I don’t know that I’ve really spelled it out, but you may have noticed over the last few months that most of what I’m posting is book reviews and the occasional writing report. I’m trying to broaden things out again, but I thought I might explain something behind the book reviews, at least.
You see, I’m trying to read, or at least attempt to read, every novel-length winner of the major speculative fiction awards. Well, the Science Fiction and Fantasy ones, anyway.
Why, you may ask, and it’s a good question. Sometimes, with how tough a slog some of the books have been, and the DNF books involved, I wonder the same thing.
I suppose, fundamentally, I’m just trying to broaden my horizons. We all get into reading ruts now and then, consuming the same handful of authors and just doing re-reads of things we already like. As I get older (in my late 40s now), I’m less inclined to do re-reads, and some (many) of my favourite authors have left us so that I’ve had fewer opportunities for new works by that group.
That means I have to find new favourites. I thought that the award winners might be an interesting place to start. Many of the names you find in those lists have long careers and lots of work available. Plus, it will expose me to things I never would have thought of trying on my own.
Sure, I can randomly pick things to read that I think look interesting (and I still do a lot of that, with a decent success rate), but it’s not enough. It will never be enough. To borrow a quote from Lemony Snicket that I borrow too often, “It is likely I will die next to a pile of things I was meaning to read.” That pile needs to be bigger, although hopefully having it fall on me won’t be the cause of not finishing it.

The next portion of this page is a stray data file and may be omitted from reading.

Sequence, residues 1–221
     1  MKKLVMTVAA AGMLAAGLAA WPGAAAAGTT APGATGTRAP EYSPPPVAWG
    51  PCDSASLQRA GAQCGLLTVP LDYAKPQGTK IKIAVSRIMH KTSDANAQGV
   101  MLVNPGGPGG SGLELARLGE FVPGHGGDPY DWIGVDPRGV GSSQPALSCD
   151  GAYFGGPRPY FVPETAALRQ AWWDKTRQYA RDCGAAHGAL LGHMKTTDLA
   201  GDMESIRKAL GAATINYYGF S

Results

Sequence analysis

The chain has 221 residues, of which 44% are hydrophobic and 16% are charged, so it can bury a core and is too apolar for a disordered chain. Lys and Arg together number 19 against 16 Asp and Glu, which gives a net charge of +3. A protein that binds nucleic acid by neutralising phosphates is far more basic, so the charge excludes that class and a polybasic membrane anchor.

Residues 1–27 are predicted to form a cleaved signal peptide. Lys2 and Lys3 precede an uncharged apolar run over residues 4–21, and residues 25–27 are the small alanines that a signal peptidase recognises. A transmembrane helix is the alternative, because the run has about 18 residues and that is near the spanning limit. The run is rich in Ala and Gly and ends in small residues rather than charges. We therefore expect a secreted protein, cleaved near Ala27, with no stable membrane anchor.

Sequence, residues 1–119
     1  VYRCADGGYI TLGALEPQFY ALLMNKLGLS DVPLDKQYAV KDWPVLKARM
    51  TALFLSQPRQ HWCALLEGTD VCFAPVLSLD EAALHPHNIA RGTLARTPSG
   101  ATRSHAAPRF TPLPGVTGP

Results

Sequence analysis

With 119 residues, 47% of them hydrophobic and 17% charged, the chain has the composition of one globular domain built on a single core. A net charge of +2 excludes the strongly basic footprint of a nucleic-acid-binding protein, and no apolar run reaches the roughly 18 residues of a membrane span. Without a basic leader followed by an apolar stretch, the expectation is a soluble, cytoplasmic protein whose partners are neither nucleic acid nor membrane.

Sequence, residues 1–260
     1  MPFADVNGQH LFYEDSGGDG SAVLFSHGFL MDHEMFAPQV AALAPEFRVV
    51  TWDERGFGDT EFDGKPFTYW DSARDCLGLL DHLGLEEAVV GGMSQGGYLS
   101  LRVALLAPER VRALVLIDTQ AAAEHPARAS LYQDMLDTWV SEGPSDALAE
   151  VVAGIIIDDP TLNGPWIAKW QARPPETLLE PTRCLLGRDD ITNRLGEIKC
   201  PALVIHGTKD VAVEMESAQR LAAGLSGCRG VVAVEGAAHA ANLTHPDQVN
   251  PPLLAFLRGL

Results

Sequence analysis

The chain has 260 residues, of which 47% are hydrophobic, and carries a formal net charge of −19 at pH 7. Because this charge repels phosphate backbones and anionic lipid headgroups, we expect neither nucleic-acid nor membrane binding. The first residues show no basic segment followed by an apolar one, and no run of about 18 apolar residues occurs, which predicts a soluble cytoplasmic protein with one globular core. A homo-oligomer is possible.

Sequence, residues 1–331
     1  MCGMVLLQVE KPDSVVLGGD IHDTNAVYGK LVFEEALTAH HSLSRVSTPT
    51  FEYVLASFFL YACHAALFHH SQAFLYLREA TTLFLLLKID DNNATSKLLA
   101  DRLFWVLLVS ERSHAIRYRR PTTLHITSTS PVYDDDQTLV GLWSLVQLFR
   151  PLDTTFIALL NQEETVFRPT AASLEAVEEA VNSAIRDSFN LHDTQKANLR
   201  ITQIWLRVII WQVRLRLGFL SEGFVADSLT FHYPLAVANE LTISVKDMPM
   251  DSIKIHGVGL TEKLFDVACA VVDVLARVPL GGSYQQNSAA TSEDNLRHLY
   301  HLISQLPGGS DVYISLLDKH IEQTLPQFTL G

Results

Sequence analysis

But yes, the results are mixed.
The Hugos were first awarded in 1953, the Nebulas in 1966, the World Fantasy Awards in 1975, and the Auroras (Canadian Speculative Fiction awards) in 1985. I’m working my way forward from the first Hugo and I’m currently in 1983 (which means I haven’t read the first Aurora yet).
After 29 Hugo winners (including a tie one year), my average rating there is 3.21 on the Goodreads scale (which I like, but maybe needs a separate post). Seventeen Nebula winners in, we’re at 3.26, a slightly better proposition. At eight WFA winners, it’s 1.75, with exactly one book getting more than a 2.
At the same time, when I started this quest, I elected to attempt the previous year’s winners in each (the 2015 winners in 2016 for example). Those results have been a bit mixed, too.
But I’ve also found six authors whose works I have not sufficiently explored, and I expect to find more. (Alfred Bester, Frank Herbert, Ursula K. Le Guin, Elizabeth Lynn, Vonda McIntyre, and David Mitchell, in case you’re wondering.)
When I catch up in another 4 or 5 years, I’m considering branching out the quest to cover all of the major English-language awards globally, which would take me to the BSFA (British), Aurealis (Australian), Sir Julius Vogel (New Zealand), and perhaps the Locus Awards (although there’s a lot of crossover with the other NA majors there). The first two of those have books on the list that I’ve previously loved.
I’m also giving serious consideration to voting rights for the Hugos next year so that I get easy access to all of the nominees.
If you want to see what I’m reading right now, click on over to my Currently Reading shelf on Goodreads. It’s likely to be eclectic and have half a dozen books on it.
Happy reading, and be well, everyone.by